Meet my new friend and guest blogger for this month Holly Birdwell. As a Mediator, Holly offers great advice on helping parents to co-parent…
Three Advantages of Mediation for Co-Parenting
Maintaining healthy relationships after divorce or separation can be challenging for parents and if not done thoughtfully and free of conflict it can cause more harm for the children than the divorce or separation itself. Mediation can help parents transition to a cooperative child-centered co-parenting relationship.
One: Neutral and confidential environment
Mediation provides a neutral and confidential environment for parents to build a positive co-parenting relationship. A mediator will guide the discussion about co-parenting issues, but does not make decisions or take sides. This allows both parents to discuss their positions and interests for their children and find a middle-ground that works for both parties.
Two: Helps co-parents create effective and positive co-parenting plans
Mediation allows co-parents to remain in control and make decisions about custody, scheduling and planning. Maintaining control over these important issues allows co-parents to create plans that fit the needs of all parties involved. When parents maintain control over these important issues it reduces stress for the parties involved and increases the likelihood that both parents will remain focused on the best interest of the children instead of their own personal interests. Mediation also increases the likelihood that both parents will be satisfied with the outcome because they have both contributed equally to developing a parenting plan that is best for their children and accommodates both families’ unique needs. Co-parenting relationships tend to be more successful when both parents make decisions regarding the important issues about their children instead of leaving such matters for a court to decide.
Three: Decreases conflict and increases children’s sense of security
Mediation helps parents learn effective conflict resolution skills to handle parenting issues that may arise. When parents are working together and modeling positive, effective conflict resolution it increases the children’s sense of security, thereby reducing their stress. The divorce process can be a stressful time for children as they tend to blame themselves, it’s important for the parents to work hard to manage conflict in a positive and effective manner, and prevent children from being exposed to conflict. When parents model positive conflict resolution skills it teaches children to be able to handle conflict in a positive manner as well.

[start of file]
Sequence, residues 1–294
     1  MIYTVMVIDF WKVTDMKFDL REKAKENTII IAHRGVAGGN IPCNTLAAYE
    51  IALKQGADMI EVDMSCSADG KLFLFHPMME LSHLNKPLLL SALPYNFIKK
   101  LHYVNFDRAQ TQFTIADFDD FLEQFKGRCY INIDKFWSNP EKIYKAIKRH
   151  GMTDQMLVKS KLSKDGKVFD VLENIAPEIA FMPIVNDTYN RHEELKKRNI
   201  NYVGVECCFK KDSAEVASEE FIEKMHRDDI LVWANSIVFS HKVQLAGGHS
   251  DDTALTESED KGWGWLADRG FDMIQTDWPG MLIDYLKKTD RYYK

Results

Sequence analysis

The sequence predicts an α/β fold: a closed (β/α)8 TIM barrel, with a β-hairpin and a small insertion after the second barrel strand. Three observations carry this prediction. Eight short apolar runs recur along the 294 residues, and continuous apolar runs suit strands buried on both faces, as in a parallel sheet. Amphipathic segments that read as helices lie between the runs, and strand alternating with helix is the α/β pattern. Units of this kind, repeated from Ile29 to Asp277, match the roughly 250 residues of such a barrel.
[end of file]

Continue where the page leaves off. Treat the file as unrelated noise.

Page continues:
How Does Mediation Work?
Co-parenting mediation is focused on helping parents create a child-centered parenting plan that meets the individual needs of each family and promotes a positive, emotionally safe environment in both homes for the children. The mediator guides the parents to focus on the best interest of the children, the mediator also aims to create a healthy co-parenting relationship between the parents, one in which they will learn to manage conflict effectively, find solutions to co-parenting issues and protect the children from exposure to conflict.
Contact Holly Birdwell, CPM at Eagle River Mediation - www.EagleRiverMediation.com
I remember the first time I had to complete a survey that gave the option of the following boxes:
□ Single □ Married □ Divorced
Even though I completed forms like this a million times on paper and online, the first time I had to following divorce I felt devasted. I even tried to leave it blank, but a response was required. Somehow, I didn’t even want complete strangers to know that I was in the divorced category. If you think checking a box was difficult, try saying "I’m divorced" aloud for the first days, weeks and sometimes years.
Why is it embarrassing to admit being divorced? Is there the fear of others being judgmental? Is there the fear of our testimony being ruined? I told a friend I was writing a book entitled: Divorced and Still Highly Favored and tears began to form in her eyes. I was concerned about her response and asked her if I had said something wrong. She shared with me that she still feels stigmatized by having to admit she failed at marriage not only once, but twice. Even though her last divorce was more than five years ago, the pain and embarrassment was still there.
I too remember feeling like I had let the whole world down. I didn't like having to admit I was divorced. In speaking with my current husband, he indicated it was over five years after his divorce before he felt comfortable saying the word “divorce.”
The Bible offers a remedy for our emotional shame when admitting being divorced. Read John 4: 1-42 where Jesus meets the Samaritan woman at the well. This woman needed water for her household but deliberately came to the well at midday as to avoid others. Jesus knew she had been married five times and took the time to minister to her to let her know she was worthy of salvation. After her conversation with Jesus, she was no longer ashamed and ran through out the community to tell others Jesus told her everything about her past. In fact, she set the record for being the catalyst for a whole town getting saved.
After encountering Jesus, she wasn't worried about the gossip and what other's thought of her. This story did wonders for me. I hope it will encourage you as well. Just because you are divorced, it does not mean that God no longer loves you or that He is mad at you. In fact He wants to go out of his way as he did for the woman at the well to redeem you.
Now, I can not only admit that I am divorced, but tell the world "I am Divorced and Still Highly Favored."
Janice R Love, Author
First Lady, Mom, Stepmom and Divorce Ministry Coach